GitHub uses Git to manage file revisions and history.
Typically, a developer uploads a copy of their code to a new “repository” on GitHub, which keeps track of those files. When a developer makes a change on their computer to a file that’s stored on GitHub, they can “push” that local change to the copy that’s in the remote repository. These changes can be submitted via GitHub’s website, its desktop application, or by using the computer’s command line interface.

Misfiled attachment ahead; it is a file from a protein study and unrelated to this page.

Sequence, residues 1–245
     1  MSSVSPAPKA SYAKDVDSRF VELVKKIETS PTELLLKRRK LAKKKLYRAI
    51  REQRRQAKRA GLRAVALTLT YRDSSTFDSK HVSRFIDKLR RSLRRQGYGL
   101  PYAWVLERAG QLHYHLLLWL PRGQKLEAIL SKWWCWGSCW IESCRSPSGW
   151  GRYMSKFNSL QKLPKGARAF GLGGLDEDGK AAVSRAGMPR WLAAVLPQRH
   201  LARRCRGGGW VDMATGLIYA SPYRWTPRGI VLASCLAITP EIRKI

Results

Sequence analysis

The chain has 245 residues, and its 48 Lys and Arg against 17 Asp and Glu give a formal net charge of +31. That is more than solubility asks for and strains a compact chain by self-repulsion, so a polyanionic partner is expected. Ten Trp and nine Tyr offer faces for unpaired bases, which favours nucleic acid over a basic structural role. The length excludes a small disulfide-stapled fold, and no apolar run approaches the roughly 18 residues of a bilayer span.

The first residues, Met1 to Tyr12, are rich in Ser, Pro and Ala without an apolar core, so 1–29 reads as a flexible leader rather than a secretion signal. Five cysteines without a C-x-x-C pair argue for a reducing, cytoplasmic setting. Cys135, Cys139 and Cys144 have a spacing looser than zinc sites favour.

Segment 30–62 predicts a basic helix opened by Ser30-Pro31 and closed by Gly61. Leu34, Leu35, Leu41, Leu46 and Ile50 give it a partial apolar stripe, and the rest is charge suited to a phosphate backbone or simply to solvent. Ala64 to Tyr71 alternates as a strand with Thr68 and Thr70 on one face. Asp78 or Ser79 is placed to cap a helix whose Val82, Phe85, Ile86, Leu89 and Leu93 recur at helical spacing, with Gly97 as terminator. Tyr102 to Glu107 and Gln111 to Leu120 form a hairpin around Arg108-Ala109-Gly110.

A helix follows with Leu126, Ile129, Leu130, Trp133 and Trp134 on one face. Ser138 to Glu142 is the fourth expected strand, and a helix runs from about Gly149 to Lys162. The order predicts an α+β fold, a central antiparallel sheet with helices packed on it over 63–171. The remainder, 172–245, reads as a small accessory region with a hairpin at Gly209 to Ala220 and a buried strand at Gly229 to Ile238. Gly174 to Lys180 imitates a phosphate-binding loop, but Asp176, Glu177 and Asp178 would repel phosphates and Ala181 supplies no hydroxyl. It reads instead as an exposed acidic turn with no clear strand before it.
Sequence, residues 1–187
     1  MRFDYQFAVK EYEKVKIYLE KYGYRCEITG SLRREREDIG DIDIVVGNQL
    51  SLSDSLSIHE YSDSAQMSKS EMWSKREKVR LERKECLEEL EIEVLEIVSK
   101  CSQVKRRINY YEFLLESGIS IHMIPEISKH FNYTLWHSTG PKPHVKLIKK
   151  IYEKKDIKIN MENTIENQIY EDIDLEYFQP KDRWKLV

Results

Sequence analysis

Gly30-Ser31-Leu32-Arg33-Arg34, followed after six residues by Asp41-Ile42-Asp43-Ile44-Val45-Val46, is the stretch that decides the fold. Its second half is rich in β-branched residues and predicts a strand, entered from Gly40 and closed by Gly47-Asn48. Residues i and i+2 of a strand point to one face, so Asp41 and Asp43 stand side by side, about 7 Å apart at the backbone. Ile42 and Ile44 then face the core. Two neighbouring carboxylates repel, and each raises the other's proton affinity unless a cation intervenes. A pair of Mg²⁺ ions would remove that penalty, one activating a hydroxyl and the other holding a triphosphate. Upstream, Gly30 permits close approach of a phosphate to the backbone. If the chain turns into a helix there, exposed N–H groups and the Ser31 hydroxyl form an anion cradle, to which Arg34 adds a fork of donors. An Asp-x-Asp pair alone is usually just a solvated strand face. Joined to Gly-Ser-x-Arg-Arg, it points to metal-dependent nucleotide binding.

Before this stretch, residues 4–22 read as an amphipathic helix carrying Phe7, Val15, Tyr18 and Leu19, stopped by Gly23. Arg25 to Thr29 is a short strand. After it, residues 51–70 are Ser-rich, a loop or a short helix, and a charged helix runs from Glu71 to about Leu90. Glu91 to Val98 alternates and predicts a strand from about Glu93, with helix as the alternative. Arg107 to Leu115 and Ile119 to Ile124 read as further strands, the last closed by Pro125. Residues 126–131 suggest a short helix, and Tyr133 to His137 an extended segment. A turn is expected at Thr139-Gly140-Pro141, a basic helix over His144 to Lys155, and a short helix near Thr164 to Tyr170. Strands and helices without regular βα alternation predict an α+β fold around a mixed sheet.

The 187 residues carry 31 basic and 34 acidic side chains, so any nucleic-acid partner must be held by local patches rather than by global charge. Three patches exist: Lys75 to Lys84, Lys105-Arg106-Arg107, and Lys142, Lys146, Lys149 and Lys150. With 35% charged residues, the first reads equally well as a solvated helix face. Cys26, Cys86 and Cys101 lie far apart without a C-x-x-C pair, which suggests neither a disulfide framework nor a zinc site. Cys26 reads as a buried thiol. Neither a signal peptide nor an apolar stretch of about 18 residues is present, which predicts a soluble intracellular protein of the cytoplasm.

Web developers aren’t the only people who can make changes to files in a repository. Designers can also use it to update images, and content teams can use it to make copy changes. GitHub’s user-friendly interface makes it simple for cross-functional teams to collaborate on the same files. All of the changes are tracked, so it’s possible to revert to an old version of a file. GitHub also enables a developer to create their own copy of another developer’s repository and make changes without affecting the original files.